Investigation In East Hampton Town Leads To Five Arrests For Selling Alcohol To A Minor

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An investigation by East Hampton Town Police into the sale of alcohol to minors led to the arrest of five people at four different markets and one bar on Friday, June 7.

According to Captain Michael Sarlo, who organized the investigation, the department used an underage agent to attempt to buy alcoholic beverage at various locations throughout the town. Those arrested were charged with violating the New York State Beverage Control Law, Section 65—a misdemeanor.

Captain Sarlo said this week that it is rare to get so many arrests in a row, but said the number depends on a variety of factors. He added that it’s not easy to say whether there are more or fewer alcohol sales to minors this year compared to recent years because records of many of the arrests are sealed after they are reduced to violations in Town Justice Court. He said, however, that the majority of establishments the police checked turned the undercover agent away.

A press release sent out by Town Police listed five deli clerks and a bartender who were arrested after they did not check the minor’s ID: Casal R. Seigas, 67, of Montauk was arrested at the Old Stone Market on Old Stone Highway in Amagansett; Cristina L. Bermeo, 27, of East Hampton, was arrested at Damark’s Deli on Three Mile Harbor in East Hampton; Hollie Myers, 53, of East Hampton, was arrested at the Maidstone Market on Three Mile Harbor-Hog Creek Road in Springs; Nellie M. Lopez, 31, of East Hampton, was arrested at Chiquita Latina on Montauk Highway in East Hampton; and bartender John Caravaggio, 52, of Florida, was arrested at the Memory Motel on Montauk Highway in Montauk.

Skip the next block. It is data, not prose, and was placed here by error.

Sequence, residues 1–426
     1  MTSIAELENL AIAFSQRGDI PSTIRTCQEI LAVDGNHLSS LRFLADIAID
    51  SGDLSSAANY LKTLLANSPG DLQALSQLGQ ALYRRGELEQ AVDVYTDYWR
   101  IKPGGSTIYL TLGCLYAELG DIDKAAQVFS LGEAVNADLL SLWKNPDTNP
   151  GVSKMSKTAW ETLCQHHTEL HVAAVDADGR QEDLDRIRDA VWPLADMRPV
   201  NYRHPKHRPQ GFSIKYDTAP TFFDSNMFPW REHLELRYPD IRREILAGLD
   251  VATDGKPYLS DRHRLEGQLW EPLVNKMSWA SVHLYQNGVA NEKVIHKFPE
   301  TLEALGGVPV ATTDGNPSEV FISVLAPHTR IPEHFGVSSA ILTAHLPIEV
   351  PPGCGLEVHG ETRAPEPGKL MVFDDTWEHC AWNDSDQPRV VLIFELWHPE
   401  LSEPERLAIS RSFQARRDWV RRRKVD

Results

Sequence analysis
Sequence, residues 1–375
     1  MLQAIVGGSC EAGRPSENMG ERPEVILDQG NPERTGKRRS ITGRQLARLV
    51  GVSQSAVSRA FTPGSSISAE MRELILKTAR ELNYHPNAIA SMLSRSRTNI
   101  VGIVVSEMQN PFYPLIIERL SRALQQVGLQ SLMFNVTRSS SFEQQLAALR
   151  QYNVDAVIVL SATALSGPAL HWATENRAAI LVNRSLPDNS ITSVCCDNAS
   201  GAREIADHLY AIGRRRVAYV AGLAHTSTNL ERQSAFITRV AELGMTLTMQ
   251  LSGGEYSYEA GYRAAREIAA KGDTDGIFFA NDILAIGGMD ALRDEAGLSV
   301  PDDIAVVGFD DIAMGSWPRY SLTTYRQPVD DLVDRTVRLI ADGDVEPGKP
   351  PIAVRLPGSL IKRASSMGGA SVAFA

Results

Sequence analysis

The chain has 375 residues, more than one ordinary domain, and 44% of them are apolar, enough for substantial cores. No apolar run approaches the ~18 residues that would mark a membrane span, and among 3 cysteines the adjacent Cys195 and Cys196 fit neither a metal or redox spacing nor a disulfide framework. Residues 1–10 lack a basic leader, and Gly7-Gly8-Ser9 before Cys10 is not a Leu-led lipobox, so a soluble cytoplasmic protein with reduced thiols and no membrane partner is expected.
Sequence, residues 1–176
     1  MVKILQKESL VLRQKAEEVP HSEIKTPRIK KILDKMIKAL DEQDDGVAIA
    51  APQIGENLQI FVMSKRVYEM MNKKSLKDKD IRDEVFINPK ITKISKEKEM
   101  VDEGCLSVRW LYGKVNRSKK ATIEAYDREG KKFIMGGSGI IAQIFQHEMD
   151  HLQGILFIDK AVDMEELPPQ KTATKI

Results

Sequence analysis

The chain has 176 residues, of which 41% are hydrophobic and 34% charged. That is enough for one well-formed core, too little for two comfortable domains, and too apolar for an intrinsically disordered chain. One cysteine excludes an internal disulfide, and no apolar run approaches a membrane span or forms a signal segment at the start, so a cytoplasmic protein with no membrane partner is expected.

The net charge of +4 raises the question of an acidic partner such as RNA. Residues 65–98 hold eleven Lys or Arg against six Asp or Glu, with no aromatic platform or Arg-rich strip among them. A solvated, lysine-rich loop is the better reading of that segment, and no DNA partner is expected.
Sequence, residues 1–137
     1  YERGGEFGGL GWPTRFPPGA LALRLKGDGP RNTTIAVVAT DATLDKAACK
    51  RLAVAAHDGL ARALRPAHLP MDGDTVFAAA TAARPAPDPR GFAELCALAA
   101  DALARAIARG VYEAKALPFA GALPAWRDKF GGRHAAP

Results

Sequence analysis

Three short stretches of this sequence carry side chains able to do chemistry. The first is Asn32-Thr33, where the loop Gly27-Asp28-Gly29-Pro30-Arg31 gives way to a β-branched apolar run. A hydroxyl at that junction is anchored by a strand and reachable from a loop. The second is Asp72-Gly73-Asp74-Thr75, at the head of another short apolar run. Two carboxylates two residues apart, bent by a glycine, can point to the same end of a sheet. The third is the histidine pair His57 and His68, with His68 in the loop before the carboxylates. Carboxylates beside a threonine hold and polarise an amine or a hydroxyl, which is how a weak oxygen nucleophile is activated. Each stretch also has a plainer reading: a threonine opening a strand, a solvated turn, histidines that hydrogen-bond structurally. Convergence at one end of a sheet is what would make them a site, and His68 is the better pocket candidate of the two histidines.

All were released on appearance tickets, based on the level of the offense, and have been scheduled to appear in East Hampton Town Justice Court on Wednesday,June 26.

The day of the arrests, the police visited several businesses that sell alcohol over the course of eight hours. Captain Sarlo said he is pleased that most of the establishments checked the minor’s ID and turned him or her down.

“It’s a good sign—we made a loop through all the delis and tried to check as many as we could. Essentially, we went to many more places than those we found in violation,” he said. “There are times when we’ve done this and gotten nothing—12 to 15 and we were turned away at the bars and the ID was checked at every deli.”

The undercover operations, which are run under guidelines set by the New York State Liquor Authority, occur several times a year, according to Captain Sarlo. But how often the department conducts investigations largely depends on how busy it is and whether underage subjects are available to help out, he said. When an undercover investigation just isn’t possible, the department relies on surveillance and specific complaints it receives from the community or reports from the State Liquor Authority.

In cases when the department has an underage agent, he or she must present his or her own legitimate driver’s license when attempting to enter a bar or buy an alcoholic beverage and cannot be in the company of someone who is 21 or older.

“We have to make sure it’s not an open deception,” Captain Sarlo said. “We have to make sure they don’t have anything on them and we’re following the State Liquor Authority guidelines.”

He said the department doesn’t work with minors who are close to turning 21 but typically 19- or 20-year-olds.

The point of the investigations is to get the business owners and their employees to be mindful, Captain Sarlo said.

“Sometimes they might be in a rush to turn over customers and mistakes happen,” he said. “If we do this early it is a reminder that the owner is responsible but ultimately it is the responsibility of the person at the point of sale.”

Through the different chambers of commerce each year, the department offers to do a 30-minute presentation on checking ID cards for restaurants, bars and delis, so clerks, bartenders and waiters “really know what they’re looking for,” he said. “We want to make sure the employees at the establishments that sell beer and alcohol, and minors, are aware that we’re looking for these types of violations.”

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